There are several types of testing that should and need to be employed, depending on your software development project. End-to-end testing and user experience testing should be conducted on every project. End-to-end testing involves putting a system’s features and capabilities to use just like a user would. Features are tested separately, not together during development. Once all of the software has been created, an end-to-end test puts the whole system through its paces and enables the tester to assess how closely the finished product follows the original design goal as well as any adjustments that may have been made along the way.
During a user acceptance test (UAT), you, the stakeholder, test the system and give your permission for the development. You may think of it as the final check for a custom house. It is your responsibility to check everything, find any problems that the testers could have ignored, and begin planning for production.
You may also choose to have extra testing done, including load testing, performance testing, integration testing, and cross-browser or cross-mobile device testing. If your application will be used on a variety of browsers or mobile platforms, you may test it on a variety of browsers and platforms. This will make sure it appears and functions properly on any platforms that your user may choose.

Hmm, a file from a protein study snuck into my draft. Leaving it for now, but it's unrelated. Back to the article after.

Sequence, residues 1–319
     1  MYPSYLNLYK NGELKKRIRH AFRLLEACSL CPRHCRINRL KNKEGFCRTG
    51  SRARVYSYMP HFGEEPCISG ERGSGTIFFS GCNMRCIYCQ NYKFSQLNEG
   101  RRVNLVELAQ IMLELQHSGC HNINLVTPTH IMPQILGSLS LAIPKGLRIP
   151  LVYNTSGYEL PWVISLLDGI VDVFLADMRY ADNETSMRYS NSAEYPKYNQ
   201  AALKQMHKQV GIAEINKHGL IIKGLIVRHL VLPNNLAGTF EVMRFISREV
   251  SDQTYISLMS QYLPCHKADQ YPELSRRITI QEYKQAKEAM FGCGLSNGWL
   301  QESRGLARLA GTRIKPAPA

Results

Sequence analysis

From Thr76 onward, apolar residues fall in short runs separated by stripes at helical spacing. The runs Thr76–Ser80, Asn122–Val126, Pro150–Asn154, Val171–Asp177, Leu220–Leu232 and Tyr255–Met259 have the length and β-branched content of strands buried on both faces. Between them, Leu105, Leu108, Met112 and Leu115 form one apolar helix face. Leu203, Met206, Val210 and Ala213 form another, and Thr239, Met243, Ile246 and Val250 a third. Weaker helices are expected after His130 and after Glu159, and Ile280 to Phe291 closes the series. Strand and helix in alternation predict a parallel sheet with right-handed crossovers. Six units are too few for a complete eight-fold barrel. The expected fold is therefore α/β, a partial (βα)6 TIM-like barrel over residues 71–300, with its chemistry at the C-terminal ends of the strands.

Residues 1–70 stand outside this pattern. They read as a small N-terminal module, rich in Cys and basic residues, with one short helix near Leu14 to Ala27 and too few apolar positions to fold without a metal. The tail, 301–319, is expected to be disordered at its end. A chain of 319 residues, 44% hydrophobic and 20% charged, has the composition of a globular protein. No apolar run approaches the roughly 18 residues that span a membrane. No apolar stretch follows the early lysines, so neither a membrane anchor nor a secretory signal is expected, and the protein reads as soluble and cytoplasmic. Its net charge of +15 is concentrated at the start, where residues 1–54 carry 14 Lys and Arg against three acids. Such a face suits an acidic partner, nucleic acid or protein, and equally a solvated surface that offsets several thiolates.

Load and performance testing should be taken into consideration if your software will have many users logged in at once, process a lot of data, or reply to users in a short amount of time. Load and performance testing, respectively, determines the slowest parts of your program and confirms that it can manage high loads.
Integration testing should be taken into account if your application will interface with systems from other companies. To ensure that two systems can smoothly manage all known and unknown permutations of data and circumstances (a timeout, a damaged file, an incorrect value, etc.), integration testing delivers both expected and unexpected data over the connection of two systems.
We see that the majority of testing efforts take between three and six weeks, depending on the size of your software development project and the complexity of the required testing.
Key Takeaways for Software Development
On average, it takes between 4 and 9 months for a software development process. The length of time it takes to complete a project depends largely on its size and complexity. A project’s timeline may also be affected by the following factors. Controlling this kind of risk is a part of a project manager’s responsibility so that it may be discovered early and addressed to keep the project on track.
- Alterations to the project’s scope or design after development have begun
- Delays in collaborating with other parties, such as the failure to get necessary technical documents, testing credentials, or help for technical problems.
- Lack of transparency in requirements or the system design,
- Inconsistent guidance from a variety of parties
- Applying new technology
- Fixing incorrect or missing data during a data transfer
If you want to learn more about managing these risks for better software development, don’t hesitate to contact us.